If you're reluctant to plan a Caribbean-island getaway during hurricane season (which runs from May through November) think again. While some islands sit smack-dab in the path of many hurricanes, a smattering remains blissfully outside the so-called hurricane belt, the common path taken by hurricanes in the Eastern Atlantic Ocean.
These storms are driven west by easterly trade winds in the tropics, then pulled north by subtropical high-pressure systems. The pattern leaves islands in the far south and southwest of the Caribbean mostly safe. Of course, no Caribbean island can be declared 100-percent free of hurricanes, but it pays to know the difference.
Check out our list of 10 hurricane-safe islands and plan your next summer getaway accordingly.
Part of the "ABC" island chain of Aruba, Bonaire and Curacao, Aruba is located just off the coast of Venezuela, safely outside the hurricane belt. Its weather is fabulously temperate and typically sunny. In fact, it has no real rainy season.
A diverse selection of resorts and hotels line Aruba's shores and cater to a wide range of budgets and vacation styles. A romantic getaway is easy to find at one of the island's adults-only resorts, and family-friendly options abound, with many hotels offering special kids programs. Palm Beach is a particularly inviting stretch of sand.
Bonaire offers a quiet alternative to its neighbor, Aruba. Still, scuba divers and snorkelers have plenty to keep them occupied. Bonaire's waters are teeming with colorful corals and fish, earning the island a reputation as one of the best dive spots in the Caribbean.
If you're serious about diving, book a stay at a resort with its own dive shop so you can access the most popular dives with ease.
The third of the ABC islands, Curacao also lies safely outside of the hurricane belt and offers visitors an array of beaches as well as excellent scuba diving and snorkeling. The main town of Willemstaad, pictured, houses most of the island's hotels. It's also a busy cruise-ship port dotted with souvenir shops.
To avoid cruising crowds, stay on the island's western reaches, where you'll find the Lodge Kura Hulanda and Beach Club, a blissfully isolated, high-end tropical escape with its own private beach and dive shop.
San Blas Islands, Panama
Panama's star has been rising among travelers for some time. Perhaps the most compelling reason to visit the Central American nation is to explore its postcard-perfect San Blas Islands.
Located just off Panama's Caribbean coast, the 360-plus islands that comprise the archipelago are -- like the rest of Panama -- generally hurricane-free.
You can reach the islands by boat or plane. Once there, you can discover the culture of their indigenous inhabitants, the Kuna Yala. The islands, particularly Dog Island, pictured, are well-known snorkeling destinations teeming with tropical fish.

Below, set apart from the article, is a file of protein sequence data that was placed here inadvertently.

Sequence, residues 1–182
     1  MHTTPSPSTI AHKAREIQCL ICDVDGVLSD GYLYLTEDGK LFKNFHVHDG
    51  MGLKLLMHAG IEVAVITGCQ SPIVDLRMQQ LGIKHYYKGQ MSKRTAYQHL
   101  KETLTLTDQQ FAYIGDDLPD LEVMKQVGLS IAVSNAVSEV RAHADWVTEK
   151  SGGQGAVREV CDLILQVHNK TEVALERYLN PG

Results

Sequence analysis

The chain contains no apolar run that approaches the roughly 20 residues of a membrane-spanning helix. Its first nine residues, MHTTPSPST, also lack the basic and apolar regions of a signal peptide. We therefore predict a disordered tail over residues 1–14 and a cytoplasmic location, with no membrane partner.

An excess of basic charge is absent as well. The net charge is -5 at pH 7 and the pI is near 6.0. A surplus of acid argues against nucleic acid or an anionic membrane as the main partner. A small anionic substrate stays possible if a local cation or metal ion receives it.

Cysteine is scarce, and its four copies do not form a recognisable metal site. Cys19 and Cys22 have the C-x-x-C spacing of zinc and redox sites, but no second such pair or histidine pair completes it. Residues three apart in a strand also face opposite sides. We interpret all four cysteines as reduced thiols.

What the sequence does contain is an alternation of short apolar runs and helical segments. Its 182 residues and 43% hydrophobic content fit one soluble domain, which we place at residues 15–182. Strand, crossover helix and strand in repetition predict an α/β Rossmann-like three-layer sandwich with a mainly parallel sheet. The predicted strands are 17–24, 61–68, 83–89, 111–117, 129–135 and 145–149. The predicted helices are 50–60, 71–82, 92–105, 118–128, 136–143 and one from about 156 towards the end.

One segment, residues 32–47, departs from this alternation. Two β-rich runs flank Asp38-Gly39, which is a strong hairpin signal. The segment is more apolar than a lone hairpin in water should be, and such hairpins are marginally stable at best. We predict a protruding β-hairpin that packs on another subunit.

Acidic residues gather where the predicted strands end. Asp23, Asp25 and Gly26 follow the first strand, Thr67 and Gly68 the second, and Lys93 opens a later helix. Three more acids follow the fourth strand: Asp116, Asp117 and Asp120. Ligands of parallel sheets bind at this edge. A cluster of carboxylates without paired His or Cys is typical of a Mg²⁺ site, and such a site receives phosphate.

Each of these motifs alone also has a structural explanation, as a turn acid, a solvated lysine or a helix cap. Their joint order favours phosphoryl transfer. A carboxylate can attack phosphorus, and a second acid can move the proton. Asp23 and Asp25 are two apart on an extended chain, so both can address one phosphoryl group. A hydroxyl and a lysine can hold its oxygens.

Bocas del Toro, Panama
Also gifted with a prime location southwest of most hurricanes' paths, Panama's Bocas del Toro archipelago is enjoying a well-deserved moment in the travel spotlight too.
Composed of six islands, including one national marine park, Bocas remains free of mega-hotels, offering visitors lush rainforests and tranquil beaches, as well as a large coral reef with excellent snorkeling and diving.
Tobago, Republic of Trinidad and Tobago
The smaller of the two islands comprising the Republic of Trinidad and Tobago, Tobago is located well south of the hurricane belt. Although its position means it's usually out of harm's way, the island did see heavy rains and damage when Hurricane Ivan passed near it in 2004.
Stunning coral beds and three shipwrecks have made Tobago one of the Caribbean's most popular diving destinations. The sunken 350-foot-long Maverick Ferry is a particularly popular dive. Excellent snorkeling can be found in the waters off Englishman's Bay and Mt. Irvine Beach; the latter also serves as a departure point for many of the island's sailing tours, snorkeling trips and sunset cruises.
Pictured: Pigeon Point.
Trinidad, Republic of Trinidad and Tobago
Located just south of Tobago, Trinidad is the larger of the two islands and is also outside the hurricane belt. Like its sister island, Trinidad did see some damage when Hurricane Ivan passed by, but it's typically safe from major Caribbean storms.
Although Trinidad is more heavily populated than Tobago, it still offers some idyllic beaches, including Las Cuevas Bay and Mayaro, the island's longest stretch of sand. At Mayaro, it's still possible to watch fisherman hauling in their daily catch. Adventurous visitors can kayak, hike and go caving.
Margarita Island, Venezuela
Located off Venezuela's northeast coast, Margarita Island experiences few tropical storms during hurricane season. The island's 106 miles of coastline feature exquisite beaches such as Playa el Agua and Playa Yaque, a popular windsurfing spot.
If you go, consider booking a boat tour of Laguna de La Restinga, a large lagoon with mangroves. It's home to seahorses, oysters and a variety of birds.
Providencia Island, Colombia
Thanks to its position in the Southern Caribbean, Providencia Island experiences sunny weather and protection from the impact of hurricanes during peak season. In fact, one of the most popular times to visit is during Carnival in late June, when Providencia erupts with parades, dances and parties.
If you go, hightail it to Old Providence McBean Lagoon National Natural Park, where you'll encounter mangrove forests and coral reefs that have earned Providencia and its environs the nickname, "The Sea of Seven Colors."
Next: The 10 Most Unusual Hotels in the World
This infrequently visited island offers excellent beaches, great snorkeling and warm, welcoming locals in the town of St. George (pictured). While Grenada sees occasional hurricanes, it's rare: The nation has been struck only three times in 50 years.
If you go, be sure to pick up some cinnamon or nutmeg; the island exports 20 percent of the world's spices.